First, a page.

Pilot in trouble finds wingman
What started as a routine refueling mission over the skies of Afghanistan late last month turned out to be anything but for the son of a Delta couple.
Oklahoma Air National Guard Lt. Col. Aaron Wardlaw, the 41-year-old son of Len and Cindy Wardlaw, was servicing fighter jets over Afghanistan when the last plane to be fueled ran into some trouble.
The jet was having computer and navigation problems when its turn came to refuel, according to public affairs officials with the 376th Air Expeditionary Wing that oversees Wardlaw’s unit, the 22nd Expeditionary Air Refueling Squadron that was flying out of Manas, Kyrgyzstan, at the time.
That fighter pilot, whose identity has not been revealed, was late getting to his refueling rendezvous point, leaving Wardlaw and his five-man crew to search the skies and radio frequencies for him.
Wardlaw, a Roaring Fork High School graduate who learned to fly in flight school at Colorado Mountain College in Glenwood Springs, eventually spotted him, according to Air Force officials.
Wardlaw and his crew stayed with the troubled fighter jet pilot, talking him through re-booting his onboard computer and acted as his wingman until the fighter pilot reached safety.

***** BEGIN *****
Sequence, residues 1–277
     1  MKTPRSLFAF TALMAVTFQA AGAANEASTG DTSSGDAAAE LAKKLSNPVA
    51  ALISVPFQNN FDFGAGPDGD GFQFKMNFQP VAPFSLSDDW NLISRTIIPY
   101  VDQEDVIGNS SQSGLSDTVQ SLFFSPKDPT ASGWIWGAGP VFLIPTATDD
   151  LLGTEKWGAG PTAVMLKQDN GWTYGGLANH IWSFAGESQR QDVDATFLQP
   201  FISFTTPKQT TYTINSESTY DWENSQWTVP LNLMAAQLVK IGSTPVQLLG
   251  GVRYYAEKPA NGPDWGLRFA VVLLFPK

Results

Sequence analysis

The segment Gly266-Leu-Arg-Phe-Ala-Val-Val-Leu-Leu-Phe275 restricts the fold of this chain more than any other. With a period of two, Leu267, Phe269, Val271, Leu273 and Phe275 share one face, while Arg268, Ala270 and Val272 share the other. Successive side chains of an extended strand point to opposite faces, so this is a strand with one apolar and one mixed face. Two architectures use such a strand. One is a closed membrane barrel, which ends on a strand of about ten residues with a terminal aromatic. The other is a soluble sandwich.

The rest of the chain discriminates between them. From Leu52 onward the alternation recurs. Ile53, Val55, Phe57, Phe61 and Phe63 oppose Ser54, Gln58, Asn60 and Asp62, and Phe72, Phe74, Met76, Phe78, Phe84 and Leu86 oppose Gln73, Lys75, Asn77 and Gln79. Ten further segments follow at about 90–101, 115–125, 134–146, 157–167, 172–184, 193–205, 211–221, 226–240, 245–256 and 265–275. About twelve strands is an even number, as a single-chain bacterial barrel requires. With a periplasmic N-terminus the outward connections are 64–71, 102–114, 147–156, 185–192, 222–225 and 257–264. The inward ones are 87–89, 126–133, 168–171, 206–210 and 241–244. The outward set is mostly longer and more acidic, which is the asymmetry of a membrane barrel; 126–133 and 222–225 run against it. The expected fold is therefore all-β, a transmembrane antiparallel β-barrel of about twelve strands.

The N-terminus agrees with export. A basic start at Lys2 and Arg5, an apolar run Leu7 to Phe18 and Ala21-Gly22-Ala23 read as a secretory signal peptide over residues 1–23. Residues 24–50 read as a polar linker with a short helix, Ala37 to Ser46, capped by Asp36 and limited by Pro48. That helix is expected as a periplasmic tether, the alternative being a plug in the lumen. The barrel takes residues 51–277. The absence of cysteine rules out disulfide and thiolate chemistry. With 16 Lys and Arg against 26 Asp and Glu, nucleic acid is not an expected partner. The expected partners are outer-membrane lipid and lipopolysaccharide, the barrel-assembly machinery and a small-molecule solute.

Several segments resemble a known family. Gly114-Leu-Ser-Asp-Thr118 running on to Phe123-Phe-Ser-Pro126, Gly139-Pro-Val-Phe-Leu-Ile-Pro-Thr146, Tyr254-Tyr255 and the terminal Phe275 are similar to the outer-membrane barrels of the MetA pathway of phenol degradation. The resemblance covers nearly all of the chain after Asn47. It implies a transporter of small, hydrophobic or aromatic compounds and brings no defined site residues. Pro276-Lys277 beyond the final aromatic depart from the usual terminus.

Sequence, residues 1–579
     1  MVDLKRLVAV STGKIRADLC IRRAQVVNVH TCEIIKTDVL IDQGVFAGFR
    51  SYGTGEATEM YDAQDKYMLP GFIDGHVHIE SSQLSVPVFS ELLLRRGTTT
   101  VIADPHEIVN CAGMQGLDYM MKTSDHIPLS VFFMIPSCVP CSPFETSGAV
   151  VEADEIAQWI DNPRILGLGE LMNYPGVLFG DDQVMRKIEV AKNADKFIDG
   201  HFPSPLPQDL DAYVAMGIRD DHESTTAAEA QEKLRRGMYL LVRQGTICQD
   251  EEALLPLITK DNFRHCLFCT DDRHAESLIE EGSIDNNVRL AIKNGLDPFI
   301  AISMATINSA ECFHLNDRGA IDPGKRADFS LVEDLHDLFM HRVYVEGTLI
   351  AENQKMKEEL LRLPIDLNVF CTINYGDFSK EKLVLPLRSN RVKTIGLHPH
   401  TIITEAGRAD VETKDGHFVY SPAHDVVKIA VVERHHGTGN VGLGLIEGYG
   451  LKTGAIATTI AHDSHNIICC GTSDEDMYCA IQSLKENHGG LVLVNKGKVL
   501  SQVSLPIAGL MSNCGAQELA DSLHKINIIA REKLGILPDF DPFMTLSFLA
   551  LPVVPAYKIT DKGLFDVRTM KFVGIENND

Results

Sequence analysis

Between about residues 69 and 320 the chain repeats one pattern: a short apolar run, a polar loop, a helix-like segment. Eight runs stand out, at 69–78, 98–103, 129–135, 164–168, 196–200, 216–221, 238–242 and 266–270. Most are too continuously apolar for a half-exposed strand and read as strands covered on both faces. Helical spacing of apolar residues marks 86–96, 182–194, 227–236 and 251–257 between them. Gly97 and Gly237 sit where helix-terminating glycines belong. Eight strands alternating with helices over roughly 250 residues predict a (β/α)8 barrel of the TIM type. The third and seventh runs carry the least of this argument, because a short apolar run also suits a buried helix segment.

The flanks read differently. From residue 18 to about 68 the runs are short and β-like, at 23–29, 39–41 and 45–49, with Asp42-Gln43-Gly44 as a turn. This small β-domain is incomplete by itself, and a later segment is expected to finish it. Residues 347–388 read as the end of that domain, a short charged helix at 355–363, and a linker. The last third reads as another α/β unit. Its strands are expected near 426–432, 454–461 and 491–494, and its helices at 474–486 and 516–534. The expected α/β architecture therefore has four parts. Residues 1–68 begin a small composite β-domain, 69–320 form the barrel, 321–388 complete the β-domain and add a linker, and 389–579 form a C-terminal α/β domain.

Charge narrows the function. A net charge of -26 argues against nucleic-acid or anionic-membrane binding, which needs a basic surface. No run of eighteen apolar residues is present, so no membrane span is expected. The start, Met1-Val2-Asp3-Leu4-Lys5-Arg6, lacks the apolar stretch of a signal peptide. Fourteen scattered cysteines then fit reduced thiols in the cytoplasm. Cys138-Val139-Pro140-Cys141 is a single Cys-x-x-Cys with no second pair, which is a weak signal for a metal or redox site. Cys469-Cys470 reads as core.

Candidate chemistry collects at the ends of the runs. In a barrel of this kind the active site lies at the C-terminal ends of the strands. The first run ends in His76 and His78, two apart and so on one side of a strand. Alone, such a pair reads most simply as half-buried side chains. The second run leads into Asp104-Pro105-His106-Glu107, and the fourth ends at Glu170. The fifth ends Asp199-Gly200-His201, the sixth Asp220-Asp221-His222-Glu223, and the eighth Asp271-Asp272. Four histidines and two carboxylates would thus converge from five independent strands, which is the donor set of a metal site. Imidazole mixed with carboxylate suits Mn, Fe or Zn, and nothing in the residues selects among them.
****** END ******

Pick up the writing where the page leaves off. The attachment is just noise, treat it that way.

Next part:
“This is not the first time he’s been in these kinds of situations,” Cindy Wardlaw said of her son. “His was the first plane to land in Baghdad when the bombs were still going off. He flew over Kuwait years ago. This was his 16th mission over there.”
Cindy Wardlaw said her son has served in the Air National Guard for 21 years, primarily flying C-130 transport planes. A few years ago, he was cross-trained to fly the KC-135 Stratotanker.
She said she and other family members, many of whom live in the Paonia-Crawford area, hope Wardlaw finally will be awarded the Distinguished Flying Cross.
She said he’s earned the medal twice before, but because of military “politics” between the regular Air Force and the Guard, has never been given the medal officially.
Cindy Wardlaw said she isn’t worried about her son’s safety or for her Marine son-in-law who also has served in the Afghan-Iraq region.
“I put in the hand of God that what’s going to be is going to be,” she said.